I think they were right, too -- A Rush of Blood to the Head is a great album, but doesn't seem to be as definitive as Kid A was. As for why it is where it is... honestly, Thom Yorke's vocals are hit-and-miss with me, as they tend to be a bit too depressing for my tastes, and suffer from the same sort of bland rock-god posturing that seems to plague every male-dominated group once they achieve success.

Radiohead without vocals would be a much better band, in my opinion. Kid A is the closest thing we have to that, so that's why I put it in.

3. Why isn't Death Cab for Cutie/Stars/Kaki King/etc. on your list?
Either I haven't listened to them enough (like Death Cab for Cutie), or I find their albums marked with a few moments of euphoric brilliance and not much else (like Stars, for whom "Your Ex-Lover Is Dead" from Set Yourself on Fire will always be their finest hour). I also have a crush on the strings in "My Favorite Book" from In Our Bedroom After the War, but that's pretty much it.

2. I haven't heard of half the artists on your list. Why do you have to choose albums that nobody's heard of?
Actually, quite a few of the albums on my list are highly acclaimed; Sufjan Stevens' Illinois was the highest-rated album of 2005 on Metacritic, for instance. But you're right: I don't have to list great albums that aren't the top sellers on iTunes this week, I can just make up a list based entirely on Britney Spears or something.

And besides, just because you haven't heard of them doesn't mean you shouldn't at least check them out. Be a musical warrior!

1. Why didn't you include Funeral by Arcade Fire?
This is the question I get asked the most. Nearly all of the music blogs and sites I frequent had the Arcade Fire's debut pretty high up in their lists, if not in the top spot. So why didn't I?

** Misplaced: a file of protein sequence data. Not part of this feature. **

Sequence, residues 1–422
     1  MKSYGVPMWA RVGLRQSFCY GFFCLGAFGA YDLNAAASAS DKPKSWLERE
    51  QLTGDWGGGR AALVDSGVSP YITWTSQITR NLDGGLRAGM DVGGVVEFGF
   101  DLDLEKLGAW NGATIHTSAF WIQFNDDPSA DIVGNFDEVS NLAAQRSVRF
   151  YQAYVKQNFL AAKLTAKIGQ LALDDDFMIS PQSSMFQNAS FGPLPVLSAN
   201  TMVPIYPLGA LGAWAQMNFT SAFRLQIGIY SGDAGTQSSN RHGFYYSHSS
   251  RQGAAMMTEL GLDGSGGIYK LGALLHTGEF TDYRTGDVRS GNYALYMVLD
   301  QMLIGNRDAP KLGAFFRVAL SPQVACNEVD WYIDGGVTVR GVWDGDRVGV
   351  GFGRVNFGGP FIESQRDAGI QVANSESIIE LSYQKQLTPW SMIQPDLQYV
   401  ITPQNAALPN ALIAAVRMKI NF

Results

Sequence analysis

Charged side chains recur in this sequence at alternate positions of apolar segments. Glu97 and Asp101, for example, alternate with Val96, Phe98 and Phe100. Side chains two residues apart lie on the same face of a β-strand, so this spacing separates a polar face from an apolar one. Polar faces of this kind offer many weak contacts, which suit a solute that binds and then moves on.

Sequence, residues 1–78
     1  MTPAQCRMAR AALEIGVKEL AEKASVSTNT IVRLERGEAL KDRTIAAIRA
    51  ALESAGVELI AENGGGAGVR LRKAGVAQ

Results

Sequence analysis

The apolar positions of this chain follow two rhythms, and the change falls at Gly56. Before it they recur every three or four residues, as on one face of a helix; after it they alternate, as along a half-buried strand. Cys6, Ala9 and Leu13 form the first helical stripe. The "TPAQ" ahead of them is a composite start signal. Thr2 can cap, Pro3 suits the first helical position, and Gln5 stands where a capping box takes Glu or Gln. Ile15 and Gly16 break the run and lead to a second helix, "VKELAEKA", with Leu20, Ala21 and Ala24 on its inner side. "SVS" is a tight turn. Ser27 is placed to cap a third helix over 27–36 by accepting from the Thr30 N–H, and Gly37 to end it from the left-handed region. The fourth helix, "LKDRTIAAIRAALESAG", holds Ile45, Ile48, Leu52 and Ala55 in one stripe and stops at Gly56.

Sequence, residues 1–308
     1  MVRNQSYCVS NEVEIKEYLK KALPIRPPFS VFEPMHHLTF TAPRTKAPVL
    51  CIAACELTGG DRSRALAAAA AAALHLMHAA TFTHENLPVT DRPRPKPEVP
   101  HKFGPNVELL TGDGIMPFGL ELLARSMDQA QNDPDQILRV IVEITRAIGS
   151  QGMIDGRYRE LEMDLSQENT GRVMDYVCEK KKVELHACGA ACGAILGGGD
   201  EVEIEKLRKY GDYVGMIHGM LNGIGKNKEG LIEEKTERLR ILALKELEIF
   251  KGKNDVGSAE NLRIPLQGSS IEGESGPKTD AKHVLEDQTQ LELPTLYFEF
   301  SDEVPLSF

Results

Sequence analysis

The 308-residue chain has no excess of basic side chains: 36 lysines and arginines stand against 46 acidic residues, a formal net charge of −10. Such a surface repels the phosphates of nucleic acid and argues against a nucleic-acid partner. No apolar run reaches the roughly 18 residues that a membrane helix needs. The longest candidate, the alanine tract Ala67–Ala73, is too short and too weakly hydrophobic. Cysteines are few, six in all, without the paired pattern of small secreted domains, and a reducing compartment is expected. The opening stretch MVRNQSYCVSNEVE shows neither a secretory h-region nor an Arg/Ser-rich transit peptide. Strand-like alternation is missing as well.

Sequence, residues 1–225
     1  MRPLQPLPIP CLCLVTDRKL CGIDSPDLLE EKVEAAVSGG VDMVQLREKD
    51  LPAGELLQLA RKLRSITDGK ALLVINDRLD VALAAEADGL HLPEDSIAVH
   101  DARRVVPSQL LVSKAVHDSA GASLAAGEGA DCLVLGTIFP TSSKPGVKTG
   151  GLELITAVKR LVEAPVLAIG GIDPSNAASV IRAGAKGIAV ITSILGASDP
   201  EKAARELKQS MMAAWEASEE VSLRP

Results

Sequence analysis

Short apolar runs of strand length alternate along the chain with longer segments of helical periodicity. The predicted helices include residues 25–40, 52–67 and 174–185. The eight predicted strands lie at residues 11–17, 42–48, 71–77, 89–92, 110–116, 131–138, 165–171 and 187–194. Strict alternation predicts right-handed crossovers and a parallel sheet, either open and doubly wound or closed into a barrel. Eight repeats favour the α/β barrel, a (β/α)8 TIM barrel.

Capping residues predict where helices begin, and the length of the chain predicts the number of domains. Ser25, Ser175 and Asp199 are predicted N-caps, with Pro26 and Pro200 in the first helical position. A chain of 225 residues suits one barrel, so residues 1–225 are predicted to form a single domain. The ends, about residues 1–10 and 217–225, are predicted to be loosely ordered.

I have to confess: there is something about Win Butler's singing -- and overall attitude, for that matter -- which really irritates me. He sounds like a pompous, vain indie-rock frontman that thinks he's King of the World and the creator of a new musical pseudo-evangelist movement, which he doesn't (and I hope he doesn't) seem to be; have you seen any cults dedicated to the Arcade Fire lately?

Their music for me is good, but not great, and the devotion surrounding them is something I just don't get as far as their music is considered. Especially one of the band's most popular songs, "Intervention", which to me gives everything away on first listen -- if the yes-we-are-anti-religious-blah-blah-blah chorus doesn't do it, the irritating and overused bells that seem to hit you over the head like a sledgehammer probably will.

Or maybe it's the way Win Butler sings the whole thing.

Maybe the Arcade Fire isn't such a bad band. Maybe Funeralisn't such a bad album. Maybe I just crave a little subtlety in the music I listen to.

Who knows?